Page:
Some citizens of Königsberg
Were walking on the strand
Beside the river Pregel
With its seven bridges spanned.

“O Euler, come and walk with us,”
Those burghers did beseech.
“We’ll roam the seven bridges o’er,
And pass but once by each.”

“It can’t be done,” thus Euler cried.
“Here comes the Q.E.D.
Your islands are but vertices
And four have odd degree.”

William T. Tutte


The course aims to cover many portions of the book "The Nature Of Computation" by Cristopher Moore and Stephan Mertens. This nearly 1000-page text is a comprehensive study of computers, physical experiments and their underlying mathematical ideas. It is a well-balanced, in-depth introduction to modern computing, covering about every aspect of what one needs in order to effectively apply computers to problem solving. The central theme of the book is understanding computational complexity of various problems, starting with the 18$^{th}$ century problem of "The Bridges of Königsburg" and ending with current problems, such as systems exhibiting "artificial intelligence" or "machine learning", and quantum computing. An interesting chapter "When Formulas Freeze: Phase Transitions in Computation" explains how a computer program may "freeze" or "thaw", as if it were a pot of water subjected to temperature changes. Exploring this analogy allows applying methods of statistical mechanics to analyzing computer programs. The course will cover a number of selected topics from the book. The emphasis will be on a clear presentation of a wide variety of topics representative of the computing revolution we are experiencing. The target audience is students of mathematics, computer science and related fields who will use applied computing in their research and future work.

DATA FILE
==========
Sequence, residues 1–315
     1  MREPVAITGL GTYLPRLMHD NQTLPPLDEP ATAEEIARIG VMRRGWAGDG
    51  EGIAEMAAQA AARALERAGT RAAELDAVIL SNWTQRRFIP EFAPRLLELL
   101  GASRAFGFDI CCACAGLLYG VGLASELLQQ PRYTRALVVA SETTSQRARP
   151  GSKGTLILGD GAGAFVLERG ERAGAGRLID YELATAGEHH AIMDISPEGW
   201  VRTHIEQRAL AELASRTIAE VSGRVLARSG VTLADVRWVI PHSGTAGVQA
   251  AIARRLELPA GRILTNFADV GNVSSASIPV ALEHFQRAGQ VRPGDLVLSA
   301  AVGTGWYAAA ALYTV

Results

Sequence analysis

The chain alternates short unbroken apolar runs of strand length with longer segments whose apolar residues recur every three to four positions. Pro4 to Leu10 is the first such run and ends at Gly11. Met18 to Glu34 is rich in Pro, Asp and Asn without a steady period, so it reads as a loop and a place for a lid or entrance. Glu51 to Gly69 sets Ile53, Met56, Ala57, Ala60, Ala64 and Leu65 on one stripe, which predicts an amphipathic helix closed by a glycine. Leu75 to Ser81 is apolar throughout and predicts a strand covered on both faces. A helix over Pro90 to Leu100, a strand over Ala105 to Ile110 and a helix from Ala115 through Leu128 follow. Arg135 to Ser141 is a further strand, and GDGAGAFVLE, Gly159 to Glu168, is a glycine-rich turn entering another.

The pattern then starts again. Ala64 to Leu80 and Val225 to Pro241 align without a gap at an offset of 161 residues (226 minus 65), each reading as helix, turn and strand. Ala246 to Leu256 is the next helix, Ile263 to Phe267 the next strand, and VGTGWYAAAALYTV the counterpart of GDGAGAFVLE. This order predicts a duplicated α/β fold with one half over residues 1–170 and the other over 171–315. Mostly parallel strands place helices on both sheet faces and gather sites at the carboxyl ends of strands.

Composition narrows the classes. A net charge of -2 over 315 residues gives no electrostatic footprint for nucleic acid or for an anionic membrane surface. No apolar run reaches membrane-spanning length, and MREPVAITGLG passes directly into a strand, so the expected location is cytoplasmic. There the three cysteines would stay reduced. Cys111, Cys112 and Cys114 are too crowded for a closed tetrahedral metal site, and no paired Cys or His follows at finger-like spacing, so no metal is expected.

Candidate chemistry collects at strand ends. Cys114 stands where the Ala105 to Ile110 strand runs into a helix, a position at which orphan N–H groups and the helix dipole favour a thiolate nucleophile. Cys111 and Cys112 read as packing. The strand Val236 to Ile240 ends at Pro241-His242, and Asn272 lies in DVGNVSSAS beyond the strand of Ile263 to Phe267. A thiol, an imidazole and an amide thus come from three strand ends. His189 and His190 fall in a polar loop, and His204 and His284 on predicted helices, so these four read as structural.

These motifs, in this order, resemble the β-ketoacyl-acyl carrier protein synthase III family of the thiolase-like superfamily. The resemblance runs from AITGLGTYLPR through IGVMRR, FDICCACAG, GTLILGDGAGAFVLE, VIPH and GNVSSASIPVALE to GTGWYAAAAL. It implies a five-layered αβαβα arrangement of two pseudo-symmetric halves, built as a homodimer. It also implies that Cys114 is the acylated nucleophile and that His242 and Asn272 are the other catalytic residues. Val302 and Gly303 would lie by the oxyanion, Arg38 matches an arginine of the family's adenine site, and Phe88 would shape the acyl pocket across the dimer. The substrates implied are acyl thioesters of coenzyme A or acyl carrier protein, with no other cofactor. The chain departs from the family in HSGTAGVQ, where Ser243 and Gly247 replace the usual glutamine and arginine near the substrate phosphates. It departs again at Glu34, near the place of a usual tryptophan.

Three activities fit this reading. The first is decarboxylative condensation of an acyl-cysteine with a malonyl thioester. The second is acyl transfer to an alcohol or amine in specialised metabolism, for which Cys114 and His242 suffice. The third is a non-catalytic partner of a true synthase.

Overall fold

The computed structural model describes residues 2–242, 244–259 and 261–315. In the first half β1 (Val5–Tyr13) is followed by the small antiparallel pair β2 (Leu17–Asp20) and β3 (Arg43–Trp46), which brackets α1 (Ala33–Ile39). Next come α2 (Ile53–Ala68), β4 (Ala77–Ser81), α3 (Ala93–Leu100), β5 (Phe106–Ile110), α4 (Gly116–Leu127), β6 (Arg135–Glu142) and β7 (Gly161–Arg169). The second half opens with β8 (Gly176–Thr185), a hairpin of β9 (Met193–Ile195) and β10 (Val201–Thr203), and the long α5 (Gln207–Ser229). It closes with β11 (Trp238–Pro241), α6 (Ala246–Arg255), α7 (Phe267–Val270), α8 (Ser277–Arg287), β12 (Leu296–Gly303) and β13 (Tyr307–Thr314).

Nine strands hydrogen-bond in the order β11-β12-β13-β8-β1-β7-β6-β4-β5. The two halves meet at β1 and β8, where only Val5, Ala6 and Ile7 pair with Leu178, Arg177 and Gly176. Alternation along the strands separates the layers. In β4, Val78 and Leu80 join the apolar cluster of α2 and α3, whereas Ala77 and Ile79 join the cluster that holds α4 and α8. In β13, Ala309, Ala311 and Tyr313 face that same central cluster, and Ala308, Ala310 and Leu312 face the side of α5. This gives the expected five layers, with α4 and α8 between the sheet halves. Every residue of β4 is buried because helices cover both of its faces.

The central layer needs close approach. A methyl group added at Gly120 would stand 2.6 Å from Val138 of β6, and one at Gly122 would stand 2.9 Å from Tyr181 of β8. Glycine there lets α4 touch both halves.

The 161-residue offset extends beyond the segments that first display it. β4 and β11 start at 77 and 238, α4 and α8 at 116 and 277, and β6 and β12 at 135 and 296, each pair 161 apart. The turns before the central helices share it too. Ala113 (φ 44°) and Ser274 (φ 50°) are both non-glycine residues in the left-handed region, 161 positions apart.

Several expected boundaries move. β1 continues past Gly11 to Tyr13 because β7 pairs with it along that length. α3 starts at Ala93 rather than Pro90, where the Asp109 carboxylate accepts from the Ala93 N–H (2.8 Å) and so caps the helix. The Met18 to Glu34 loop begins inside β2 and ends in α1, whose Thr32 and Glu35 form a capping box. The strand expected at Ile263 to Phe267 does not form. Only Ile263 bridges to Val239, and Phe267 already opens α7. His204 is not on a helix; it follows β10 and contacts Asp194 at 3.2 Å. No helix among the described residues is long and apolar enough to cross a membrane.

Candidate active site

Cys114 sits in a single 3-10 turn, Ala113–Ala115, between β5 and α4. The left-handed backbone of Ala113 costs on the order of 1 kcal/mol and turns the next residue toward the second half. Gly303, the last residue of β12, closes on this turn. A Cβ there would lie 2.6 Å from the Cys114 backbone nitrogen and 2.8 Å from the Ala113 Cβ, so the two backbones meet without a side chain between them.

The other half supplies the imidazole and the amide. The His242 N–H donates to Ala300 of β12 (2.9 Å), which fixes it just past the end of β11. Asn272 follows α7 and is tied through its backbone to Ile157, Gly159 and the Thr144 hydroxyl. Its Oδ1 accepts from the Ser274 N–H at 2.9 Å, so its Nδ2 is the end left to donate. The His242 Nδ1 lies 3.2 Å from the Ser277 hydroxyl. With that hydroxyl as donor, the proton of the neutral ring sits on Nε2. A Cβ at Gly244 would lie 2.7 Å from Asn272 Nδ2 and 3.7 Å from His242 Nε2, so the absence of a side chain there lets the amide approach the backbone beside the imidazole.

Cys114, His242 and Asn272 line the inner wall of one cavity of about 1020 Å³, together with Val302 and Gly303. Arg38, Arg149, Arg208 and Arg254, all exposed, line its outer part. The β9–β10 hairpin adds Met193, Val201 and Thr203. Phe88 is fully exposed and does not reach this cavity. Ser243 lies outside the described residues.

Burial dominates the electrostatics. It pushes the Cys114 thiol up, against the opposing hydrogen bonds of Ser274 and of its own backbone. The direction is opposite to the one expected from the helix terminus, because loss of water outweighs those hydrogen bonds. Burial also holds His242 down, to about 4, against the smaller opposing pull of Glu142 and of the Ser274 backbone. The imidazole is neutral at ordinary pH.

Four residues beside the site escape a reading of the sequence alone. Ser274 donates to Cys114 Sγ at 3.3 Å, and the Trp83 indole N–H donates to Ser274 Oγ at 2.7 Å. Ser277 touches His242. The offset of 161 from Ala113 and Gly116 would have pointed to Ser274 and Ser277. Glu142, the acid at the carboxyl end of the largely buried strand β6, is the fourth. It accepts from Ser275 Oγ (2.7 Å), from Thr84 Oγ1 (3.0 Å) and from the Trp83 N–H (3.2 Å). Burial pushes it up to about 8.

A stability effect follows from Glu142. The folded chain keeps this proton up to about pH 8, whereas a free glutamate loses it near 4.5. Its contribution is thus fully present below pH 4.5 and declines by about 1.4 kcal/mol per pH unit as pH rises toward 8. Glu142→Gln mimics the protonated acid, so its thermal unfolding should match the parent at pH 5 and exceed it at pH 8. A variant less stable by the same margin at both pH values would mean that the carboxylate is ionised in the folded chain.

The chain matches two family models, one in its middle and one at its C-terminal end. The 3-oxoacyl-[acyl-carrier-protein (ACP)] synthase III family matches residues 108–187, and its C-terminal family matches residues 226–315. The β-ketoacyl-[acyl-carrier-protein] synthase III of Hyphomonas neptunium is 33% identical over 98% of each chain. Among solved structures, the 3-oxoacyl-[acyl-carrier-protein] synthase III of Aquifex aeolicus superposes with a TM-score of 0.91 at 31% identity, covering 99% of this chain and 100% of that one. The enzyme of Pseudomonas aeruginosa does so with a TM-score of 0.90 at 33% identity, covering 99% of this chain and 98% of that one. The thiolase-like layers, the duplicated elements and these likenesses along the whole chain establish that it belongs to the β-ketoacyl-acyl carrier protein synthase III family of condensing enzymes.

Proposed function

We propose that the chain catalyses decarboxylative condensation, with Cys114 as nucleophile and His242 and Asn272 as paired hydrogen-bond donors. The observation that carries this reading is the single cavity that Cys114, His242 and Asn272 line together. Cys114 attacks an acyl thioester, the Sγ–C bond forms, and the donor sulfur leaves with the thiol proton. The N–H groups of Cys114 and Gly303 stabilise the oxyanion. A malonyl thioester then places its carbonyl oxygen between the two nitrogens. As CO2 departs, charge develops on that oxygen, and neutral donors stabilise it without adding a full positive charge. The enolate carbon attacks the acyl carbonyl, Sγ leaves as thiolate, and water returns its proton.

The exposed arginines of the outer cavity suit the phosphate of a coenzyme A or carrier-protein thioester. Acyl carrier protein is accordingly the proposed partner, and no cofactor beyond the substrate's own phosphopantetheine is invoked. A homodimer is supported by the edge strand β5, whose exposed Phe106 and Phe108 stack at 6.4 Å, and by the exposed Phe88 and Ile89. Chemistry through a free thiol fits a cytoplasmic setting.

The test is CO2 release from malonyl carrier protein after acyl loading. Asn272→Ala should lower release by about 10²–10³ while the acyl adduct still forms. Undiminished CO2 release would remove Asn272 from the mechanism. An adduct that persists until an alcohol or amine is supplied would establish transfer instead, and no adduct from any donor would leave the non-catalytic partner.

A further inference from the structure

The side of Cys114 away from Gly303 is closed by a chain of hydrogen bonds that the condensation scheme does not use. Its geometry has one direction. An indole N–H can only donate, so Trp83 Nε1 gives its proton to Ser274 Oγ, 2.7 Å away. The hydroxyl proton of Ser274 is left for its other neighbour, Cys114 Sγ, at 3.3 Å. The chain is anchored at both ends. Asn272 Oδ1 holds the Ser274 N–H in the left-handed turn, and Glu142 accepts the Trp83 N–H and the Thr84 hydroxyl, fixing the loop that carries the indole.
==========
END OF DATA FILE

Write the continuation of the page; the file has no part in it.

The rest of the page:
"The Nature Of Computation" by Cristopher Moore, Stephan Mertens. (ISBN-13: 978-0199233212, ISBN-10: 0199233217). Additional course materials will be provided by the instructor in electronic form as needed.


The specific topics may include:
  • Measuring complexity (1 week).
  • Dynamic programming and greedy algorithms. Discrete vs. continuous optimization (1 week).
  • Review of graphs and NP-hard problems, e.g. finding Hamiltonian paths, cliques, etc. (2 weeks).
  • Solving problems by message passing. Belief propagation (2 weeks).
  • Ising-type models. Sampling. Partition function (2 weeks).
  • Graphical models (2 weeks).
  • Counting (1 week).
  • Phase transitions in computing (2 weeks).
  • Basics of quantum computing (2 weeks).


Basic programming skills are required. Familiarity with MATLAB is useful, as the instructor will use it as means of illustrating fundamental ideas.